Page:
R. Kent Chambers-Wilson Elevated to Carbonell Coordinator

Jeff Kiltie, president of the Carbonell Awards, recently announced R. Kent Chambers-Wilson, a long-time Carbonell judge, has been promoted to the position of Carbonell Coordinator for the 2021-2022 theater season.

In his new position, R. Kent Chambers-Wilson will coordinate approximately 30 judges, including many new volunteer judges who have a passion for and openness to all kinds of theater.

“With his impressive combination of project management skills and extensive theatrical background as an actor, stage manager, assistant director, producer, sound designer, dramaturge and playwright, Kent Chambers-Wilson will be an incredible asset for our revitalized organization going forward,” Mr. Kiltie said in a statement. “He is not only a longtime Carbonell judge and will continue to serve as such, he also has been a board member and chairperson of the Theatre League of South Florida from 2016-2019, an awards judge for The Silver Palm Awards, coordinator of the Finstrom Festival of New Work and served on the Ambassadors Council for the National New Play Network.” 

Mr. Chambers-Wilson’s new job entails working with theaters to look at their seasons and ensure seven judges are assigned to attend each show.

“Those judges will evaluate that show during its run,” he said, “and submit their evaluations to others who will take in all of those scores and come up with the winners of the 20 categories for eligible theaters during our ceremony, which will probably happen in November of 2022.”

A resident of Lauderdale Lakes, Mr. Chambers-Wilson, 65, has lived in South Florida for 21 years. He has a Bachelor of Arts degree in Psychology from Southern New Hampshire University and said his love of theatre goes all the way back to his childhood.

“I didn’t major in theatre in college, because I just enjoyed doing it,” he said. “Plus, my parents insisted I major in something ‘real.’ Be a teacher, a nurse, a doctor, they said. Pick a career where you’ll make money.”

Although his parents didn’t support his artistic endeavors, Mr. Chambers-Wilson excelled at them anyway. He was a musician in high school, winning state chair for the instrument he played.

“I also acted in college and sang in the choir,” he said. “I then started working in regional theatre when I moved to Atlanta and did that for several years. When I moved back here, I leaned on my corporate abilities.”

Those abilities served him well as he now brings a great deal of business management/communications experience from working with firms such as Arreva, LLC, Citrix Systems, iCare.com and the Sun Sentinel.

“I’ve always done some form of software or technical support in positions I’ve had,” Mr. Chambers-Wilson said. “And I worked my way up into management. I’ve also done software training, so I stepped away from performing due to the constant traveling involved in my work. But I would always go to the theater when I was home and one of the Carbonell panelists kept seeing me at shows. At one point she asked me if I’d consider applying as a panelist. Twelve years later, I’m still with the Carbonells.”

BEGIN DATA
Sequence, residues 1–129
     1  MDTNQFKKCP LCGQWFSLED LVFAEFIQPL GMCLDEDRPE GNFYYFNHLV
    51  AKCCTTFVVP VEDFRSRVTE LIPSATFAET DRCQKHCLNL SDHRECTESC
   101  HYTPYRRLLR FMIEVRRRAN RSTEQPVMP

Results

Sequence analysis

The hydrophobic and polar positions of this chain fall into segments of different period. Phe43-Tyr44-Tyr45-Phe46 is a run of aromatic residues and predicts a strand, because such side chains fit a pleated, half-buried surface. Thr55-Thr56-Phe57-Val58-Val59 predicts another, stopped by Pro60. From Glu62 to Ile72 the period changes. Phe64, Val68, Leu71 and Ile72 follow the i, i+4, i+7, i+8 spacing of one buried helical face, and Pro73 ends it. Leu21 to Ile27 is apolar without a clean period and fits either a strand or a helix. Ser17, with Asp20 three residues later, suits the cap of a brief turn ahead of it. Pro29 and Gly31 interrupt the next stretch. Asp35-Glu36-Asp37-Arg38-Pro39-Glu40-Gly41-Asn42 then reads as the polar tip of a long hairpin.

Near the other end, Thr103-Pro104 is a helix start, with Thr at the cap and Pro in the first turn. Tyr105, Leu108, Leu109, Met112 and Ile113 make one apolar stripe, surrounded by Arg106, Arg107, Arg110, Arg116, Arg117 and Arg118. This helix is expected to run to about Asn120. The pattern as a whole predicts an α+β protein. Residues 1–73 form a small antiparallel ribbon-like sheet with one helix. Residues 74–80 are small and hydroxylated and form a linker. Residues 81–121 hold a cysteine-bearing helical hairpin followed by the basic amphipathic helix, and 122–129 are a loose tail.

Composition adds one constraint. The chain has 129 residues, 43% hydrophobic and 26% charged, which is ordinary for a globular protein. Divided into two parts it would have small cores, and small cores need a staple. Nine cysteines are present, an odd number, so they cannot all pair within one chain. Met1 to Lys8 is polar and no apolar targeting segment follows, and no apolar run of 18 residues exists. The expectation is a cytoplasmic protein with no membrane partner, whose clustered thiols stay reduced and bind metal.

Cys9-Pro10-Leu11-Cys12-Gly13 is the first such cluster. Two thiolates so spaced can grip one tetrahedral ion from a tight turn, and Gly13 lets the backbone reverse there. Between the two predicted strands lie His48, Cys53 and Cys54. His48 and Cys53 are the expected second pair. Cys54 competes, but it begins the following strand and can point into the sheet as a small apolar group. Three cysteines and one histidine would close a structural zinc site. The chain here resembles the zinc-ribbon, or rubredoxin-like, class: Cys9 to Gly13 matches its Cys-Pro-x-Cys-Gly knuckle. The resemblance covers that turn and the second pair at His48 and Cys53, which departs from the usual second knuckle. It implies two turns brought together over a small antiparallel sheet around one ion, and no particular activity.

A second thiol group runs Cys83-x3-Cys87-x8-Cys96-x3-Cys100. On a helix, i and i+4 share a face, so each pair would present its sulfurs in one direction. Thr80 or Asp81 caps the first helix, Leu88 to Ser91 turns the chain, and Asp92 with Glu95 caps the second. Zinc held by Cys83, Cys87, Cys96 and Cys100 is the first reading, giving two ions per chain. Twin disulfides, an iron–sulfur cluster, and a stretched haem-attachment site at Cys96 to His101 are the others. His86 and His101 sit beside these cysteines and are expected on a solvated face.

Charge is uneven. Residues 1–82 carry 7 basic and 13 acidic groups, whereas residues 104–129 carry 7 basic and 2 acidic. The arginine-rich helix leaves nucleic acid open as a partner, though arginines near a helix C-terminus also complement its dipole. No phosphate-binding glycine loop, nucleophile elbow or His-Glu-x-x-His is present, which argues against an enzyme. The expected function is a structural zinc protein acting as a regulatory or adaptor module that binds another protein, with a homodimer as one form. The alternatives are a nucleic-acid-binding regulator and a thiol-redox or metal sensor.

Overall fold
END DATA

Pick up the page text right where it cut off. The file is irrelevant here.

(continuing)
He added his ability to deal with client demands and different personalities of staff members while meeting a bottom line for a corporate entity will serve him well as Carbonell Coordinator.

“That’s something I’ve done for years,” he said. “And my management skills all go back to the foundation of having worked as assistants to executives in the banking industry. I’m well versed in juggling and coordinating schedules, meeting demands and dealing with various types of personalities. I see this job as doing more of the same, but in an industry where my heart lies and for an organization I know and love.”

The Carbonells have been under fire recently for not being relevant enough and for overlooking many artists of color in the South Florida theatre scene. Mr. Chambers-Wilson said he understands that perception and agrees the Carbonell Awards need some upgrading and changing.

“One of the things I’ve often asked theaters that have brought up the question of why aren’t we nominating more people of color and awarding them is, why aren’t you hiring them?” he said. “If they’re not hiring female directors, say, or people of color to design shows or perform in them, or not bringing in more stories that are relevant to the community to bring in a particular audience, I can only say we can only evaluate what’s put in front of us.”

Mr. Chambers-Wilson added he hopes he can be a person South Florida theaters can engage with and have positive communication with them.

“I think it’s important to be a voice in bringing forth the message of our strive toward inclusion initiative,” he said. “We’ve brought in more people from the board and have changed many of our policies, not just pertaining to the awards aspect, but internal to the organization as well. And already having good relationships I enjoy with many theaters is going to build new bridges and further solidify some of the ones that are already there.”

Mr. Kiltie agreed.

“Over the last year, the Carbonell Awards has revised our entire judging process, making it more county-specific while maintaining our historic focus on recognizing and celebrating theatrical excellence on a regional basis,” he said. “In his new part-time position, Chambers-Wilson will coordinate approximately 30 judges, many of whom have been working with the awards organization for years, but also a lot of new volunteer judges, all very highly qualified, who have a passion for and openness to all kinds of theater, including plays, musicals, new works, classics, immersive and multidisciplinary theater.”

To learn more about the Carbonell Awards, log on to www.carbonellawards.org.

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